1250 GMT September 17, 2019
Isao Muraki, MD, PhD, from Osaka Center for Cancer and Cardiovascular Disease Prevention in Japan, and colleagues assessed data from three cohorts to examine the correlation between potato consumption and type 2 diabetes.
Potato consumption was assessed for 70,773 women from the Nurses' Health Study, 87,739 women from Nurses' Health Study II, and 40,669 men from the Health Professionals Follow-up Study, Daily Mail wrote.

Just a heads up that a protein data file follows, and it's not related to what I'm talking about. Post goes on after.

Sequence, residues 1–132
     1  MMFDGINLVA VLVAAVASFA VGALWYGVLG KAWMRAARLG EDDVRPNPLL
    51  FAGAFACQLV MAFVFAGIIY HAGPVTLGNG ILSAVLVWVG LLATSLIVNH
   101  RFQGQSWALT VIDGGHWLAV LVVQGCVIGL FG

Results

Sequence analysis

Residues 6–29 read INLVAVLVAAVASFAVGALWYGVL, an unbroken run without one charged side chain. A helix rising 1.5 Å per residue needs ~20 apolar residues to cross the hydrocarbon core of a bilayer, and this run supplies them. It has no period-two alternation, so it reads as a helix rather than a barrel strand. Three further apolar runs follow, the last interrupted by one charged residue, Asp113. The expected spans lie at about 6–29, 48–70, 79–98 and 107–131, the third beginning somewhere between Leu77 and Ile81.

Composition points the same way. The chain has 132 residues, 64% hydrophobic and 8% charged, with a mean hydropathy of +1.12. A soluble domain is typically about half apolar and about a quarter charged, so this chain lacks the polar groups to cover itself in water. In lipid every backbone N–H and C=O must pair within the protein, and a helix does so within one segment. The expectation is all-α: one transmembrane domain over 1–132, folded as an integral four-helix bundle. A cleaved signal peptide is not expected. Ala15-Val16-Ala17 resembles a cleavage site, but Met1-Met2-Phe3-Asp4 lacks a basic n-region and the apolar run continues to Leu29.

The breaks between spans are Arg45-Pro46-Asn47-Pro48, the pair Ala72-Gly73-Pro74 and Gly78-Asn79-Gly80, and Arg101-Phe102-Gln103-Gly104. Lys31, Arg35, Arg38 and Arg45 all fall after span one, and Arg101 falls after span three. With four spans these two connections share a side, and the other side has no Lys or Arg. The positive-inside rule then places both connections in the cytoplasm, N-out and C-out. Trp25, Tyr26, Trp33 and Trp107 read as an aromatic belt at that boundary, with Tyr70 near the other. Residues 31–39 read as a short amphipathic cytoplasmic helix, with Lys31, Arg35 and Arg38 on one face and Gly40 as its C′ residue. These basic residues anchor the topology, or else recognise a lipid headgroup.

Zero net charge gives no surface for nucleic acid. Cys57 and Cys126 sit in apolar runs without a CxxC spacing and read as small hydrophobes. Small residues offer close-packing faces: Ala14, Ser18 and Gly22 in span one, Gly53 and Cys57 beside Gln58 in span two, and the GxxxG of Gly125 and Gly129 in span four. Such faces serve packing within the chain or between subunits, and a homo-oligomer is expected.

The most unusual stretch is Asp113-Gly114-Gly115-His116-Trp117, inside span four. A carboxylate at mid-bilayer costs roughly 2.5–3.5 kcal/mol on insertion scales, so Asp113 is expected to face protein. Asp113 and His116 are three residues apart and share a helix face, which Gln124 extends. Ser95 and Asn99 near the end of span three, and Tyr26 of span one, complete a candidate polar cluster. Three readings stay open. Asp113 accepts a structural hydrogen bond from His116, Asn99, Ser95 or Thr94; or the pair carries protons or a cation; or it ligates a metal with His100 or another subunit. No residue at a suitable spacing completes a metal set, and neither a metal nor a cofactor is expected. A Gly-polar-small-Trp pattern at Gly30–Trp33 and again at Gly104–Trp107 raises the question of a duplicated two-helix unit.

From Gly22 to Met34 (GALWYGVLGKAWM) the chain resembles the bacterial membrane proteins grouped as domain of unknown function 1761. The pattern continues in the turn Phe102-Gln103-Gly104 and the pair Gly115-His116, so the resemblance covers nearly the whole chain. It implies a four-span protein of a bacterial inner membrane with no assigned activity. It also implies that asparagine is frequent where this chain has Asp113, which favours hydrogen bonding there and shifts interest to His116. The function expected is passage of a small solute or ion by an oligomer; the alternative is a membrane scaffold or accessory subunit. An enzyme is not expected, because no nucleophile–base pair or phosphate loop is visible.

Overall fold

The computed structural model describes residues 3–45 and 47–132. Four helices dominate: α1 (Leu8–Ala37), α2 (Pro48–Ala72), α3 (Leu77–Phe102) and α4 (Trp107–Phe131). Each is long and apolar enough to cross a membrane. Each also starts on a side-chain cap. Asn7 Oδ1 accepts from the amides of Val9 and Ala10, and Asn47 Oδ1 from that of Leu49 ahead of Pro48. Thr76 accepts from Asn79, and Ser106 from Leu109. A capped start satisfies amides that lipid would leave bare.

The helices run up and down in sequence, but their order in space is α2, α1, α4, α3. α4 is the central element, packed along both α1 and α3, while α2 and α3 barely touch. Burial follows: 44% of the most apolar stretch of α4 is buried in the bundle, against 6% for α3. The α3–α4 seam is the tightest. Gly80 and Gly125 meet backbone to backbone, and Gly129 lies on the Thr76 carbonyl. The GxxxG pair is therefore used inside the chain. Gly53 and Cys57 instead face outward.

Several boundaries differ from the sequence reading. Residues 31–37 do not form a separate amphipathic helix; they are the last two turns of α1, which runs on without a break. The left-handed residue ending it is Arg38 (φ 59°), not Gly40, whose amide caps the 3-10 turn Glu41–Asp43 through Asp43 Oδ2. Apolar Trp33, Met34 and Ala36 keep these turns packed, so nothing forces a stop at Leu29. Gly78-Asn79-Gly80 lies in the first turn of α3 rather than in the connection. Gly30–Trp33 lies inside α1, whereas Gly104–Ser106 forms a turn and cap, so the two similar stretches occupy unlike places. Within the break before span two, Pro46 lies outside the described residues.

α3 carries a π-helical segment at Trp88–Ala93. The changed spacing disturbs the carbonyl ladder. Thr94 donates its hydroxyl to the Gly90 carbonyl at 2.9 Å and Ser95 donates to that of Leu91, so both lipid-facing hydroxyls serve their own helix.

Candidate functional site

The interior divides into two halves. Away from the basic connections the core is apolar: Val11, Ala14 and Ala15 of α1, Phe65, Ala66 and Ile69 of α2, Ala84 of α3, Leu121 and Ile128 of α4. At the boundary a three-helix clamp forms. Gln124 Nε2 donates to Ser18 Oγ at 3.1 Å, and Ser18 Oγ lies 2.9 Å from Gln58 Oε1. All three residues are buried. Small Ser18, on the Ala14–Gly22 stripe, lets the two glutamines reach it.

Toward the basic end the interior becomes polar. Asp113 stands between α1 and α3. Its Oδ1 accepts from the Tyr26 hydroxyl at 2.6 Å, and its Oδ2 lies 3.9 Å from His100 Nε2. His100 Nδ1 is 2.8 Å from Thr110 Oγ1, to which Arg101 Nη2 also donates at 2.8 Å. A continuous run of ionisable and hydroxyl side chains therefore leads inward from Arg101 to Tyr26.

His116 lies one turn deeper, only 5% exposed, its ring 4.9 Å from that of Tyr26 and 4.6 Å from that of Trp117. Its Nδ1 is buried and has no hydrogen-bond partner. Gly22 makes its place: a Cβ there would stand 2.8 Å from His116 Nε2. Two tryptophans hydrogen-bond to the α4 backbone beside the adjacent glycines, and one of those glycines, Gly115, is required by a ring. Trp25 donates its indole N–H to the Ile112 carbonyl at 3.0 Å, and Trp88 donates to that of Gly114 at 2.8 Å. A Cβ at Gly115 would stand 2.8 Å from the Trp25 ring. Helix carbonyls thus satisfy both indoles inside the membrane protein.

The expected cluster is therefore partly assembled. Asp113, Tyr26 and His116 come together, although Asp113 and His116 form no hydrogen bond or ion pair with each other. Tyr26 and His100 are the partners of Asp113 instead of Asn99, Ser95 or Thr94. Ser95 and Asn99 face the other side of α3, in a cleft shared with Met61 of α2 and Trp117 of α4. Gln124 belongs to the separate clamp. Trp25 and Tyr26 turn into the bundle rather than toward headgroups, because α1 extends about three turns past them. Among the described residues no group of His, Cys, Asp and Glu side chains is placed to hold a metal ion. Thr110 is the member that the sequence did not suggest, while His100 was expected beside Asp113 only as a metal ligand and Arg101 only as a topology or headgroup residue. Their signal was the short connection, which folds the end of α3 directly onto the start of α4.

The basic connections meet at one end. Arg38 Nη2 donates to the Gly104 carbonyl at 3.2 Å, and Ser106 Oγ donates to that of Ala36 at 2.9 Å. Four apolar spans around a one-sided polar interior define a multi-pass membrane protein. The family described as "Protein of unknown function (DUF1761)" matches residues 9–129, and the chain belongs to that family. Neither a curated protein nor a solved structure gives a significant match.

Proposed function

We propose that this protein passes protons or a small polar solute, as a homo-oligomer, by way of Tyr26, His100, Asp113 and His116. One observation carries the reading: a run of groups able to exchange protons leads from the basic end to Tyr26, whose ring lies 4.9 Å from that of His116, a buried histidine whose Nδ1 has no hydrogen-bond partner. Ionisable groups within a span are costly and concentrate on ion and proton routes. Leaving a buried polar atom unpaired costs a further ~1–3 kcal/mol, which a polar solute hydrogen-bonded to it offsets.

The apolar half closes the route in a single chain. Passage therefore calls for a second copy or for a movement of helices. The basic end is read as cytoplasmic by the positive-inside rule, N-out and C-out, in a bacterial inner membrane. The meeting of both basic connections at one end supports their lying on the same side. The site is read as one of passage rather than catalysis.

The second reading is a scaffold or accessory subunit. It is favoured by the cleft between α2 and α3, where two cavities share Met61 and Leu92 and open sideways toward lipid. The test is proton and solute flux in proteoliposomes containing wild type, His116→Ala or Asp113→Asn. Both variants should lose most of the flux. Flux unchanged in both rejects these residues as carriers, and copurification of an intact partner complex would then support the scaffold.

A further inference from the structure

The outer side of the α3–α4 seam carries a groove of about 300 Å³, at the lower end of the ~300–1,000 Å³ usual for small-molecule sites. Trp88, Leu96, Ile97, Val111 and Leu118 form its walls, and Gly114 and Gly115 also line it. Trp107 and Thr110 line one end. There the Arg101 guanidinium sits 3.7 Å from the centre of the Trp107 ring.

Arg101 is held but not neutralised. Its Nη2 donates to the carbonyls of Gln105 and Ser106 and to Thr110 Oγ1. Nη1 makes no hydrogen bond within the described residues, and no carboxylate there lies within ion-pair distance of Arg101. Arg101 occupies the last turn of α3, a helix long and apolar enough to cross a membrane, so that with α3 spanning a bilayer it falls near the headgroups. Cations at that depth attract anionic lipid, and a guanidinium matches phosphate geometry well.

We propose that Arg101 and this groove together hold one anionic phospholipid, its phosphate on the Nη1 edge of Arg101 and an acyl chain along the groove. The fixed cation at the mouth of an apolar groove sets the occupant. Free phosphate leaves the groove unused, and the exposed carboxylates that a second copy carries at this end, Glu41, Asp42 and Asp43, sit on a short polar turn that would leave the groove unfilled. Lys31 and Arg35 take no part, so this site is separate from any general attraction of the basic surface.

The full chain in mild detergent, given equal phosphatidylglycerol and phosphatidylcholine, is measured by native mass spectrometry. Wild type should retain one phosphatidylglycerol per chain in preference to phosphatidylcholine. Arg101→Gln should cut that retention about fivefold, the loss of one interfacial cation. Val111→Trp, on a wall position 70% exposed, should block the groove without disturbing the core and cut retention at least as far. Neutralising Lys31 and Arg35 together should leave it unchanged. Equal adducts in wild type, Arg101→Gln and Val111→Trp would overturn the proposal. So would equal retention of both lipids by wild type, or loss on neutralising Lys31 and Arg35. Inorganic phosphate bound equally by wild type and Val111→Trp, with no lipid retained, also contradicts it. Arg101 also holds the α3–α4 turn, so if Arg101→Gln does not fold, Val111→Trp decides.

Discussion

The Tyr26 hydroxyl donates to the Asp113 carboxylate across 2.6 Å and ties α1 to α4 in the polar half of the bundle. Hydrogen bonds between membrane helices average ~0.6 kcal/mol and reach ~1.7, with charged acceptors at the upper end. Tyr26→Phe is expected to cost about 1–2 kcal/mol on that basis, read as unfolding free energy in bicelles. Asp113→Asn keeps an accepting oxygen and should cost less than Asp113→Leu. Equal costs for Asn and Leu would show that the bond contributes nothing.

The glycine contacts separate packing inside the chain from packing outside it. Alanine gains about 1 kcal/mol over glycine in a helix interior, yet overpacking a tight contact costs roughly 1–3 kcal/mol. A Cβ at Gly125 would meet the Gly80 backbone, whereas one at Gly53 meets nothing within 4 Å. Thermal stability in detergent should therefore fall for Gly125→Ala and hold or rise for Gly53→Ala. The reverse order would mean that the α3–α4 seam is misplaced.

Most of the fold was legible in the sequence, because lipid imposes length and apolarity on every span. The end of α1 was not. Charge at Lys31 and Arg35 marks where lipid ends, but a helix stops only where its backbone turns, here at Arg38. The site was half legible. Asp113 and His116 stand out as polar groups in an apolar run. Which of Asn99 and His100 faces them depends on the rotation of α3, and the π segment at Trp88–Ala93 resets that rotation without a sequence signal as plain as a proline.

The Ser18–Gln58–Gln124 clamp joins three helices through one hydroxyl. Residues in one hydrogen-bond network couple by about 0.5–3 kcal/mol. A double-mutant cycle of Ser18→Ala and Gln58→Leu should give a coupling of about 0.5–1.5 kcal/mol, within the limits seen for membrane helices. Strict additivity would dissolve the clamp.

The researchers identified 15,362 new cases of type 2 diabetes during 3,988,007 person-years of follow-up.
After adjustment for demographic, lifestyle, and dietary factors, there was an elevated risk of type 2 diabetes for higher consumption of total potatoes (including baked, boiled, or mashed potatoes and French fries), with a pooled hazard ratio of 1.07 (95 percent confidence interval [CI], 0.97 to 1.18) for two to four servings/week and 1.33 (95 percent CI, 1.17 to 1.52) for seven or more servings/week, compared with less than one serving/week.
For every three servings/week, the pooled hazard ratios for type 2 diabetes were 1.04 (95 percent confidence interval, 1.01 to 1.08) for baked, boiled, or mashed potatoes and 1.19 (95 percent confidence interval, 1.13 to 1.25) for French fries.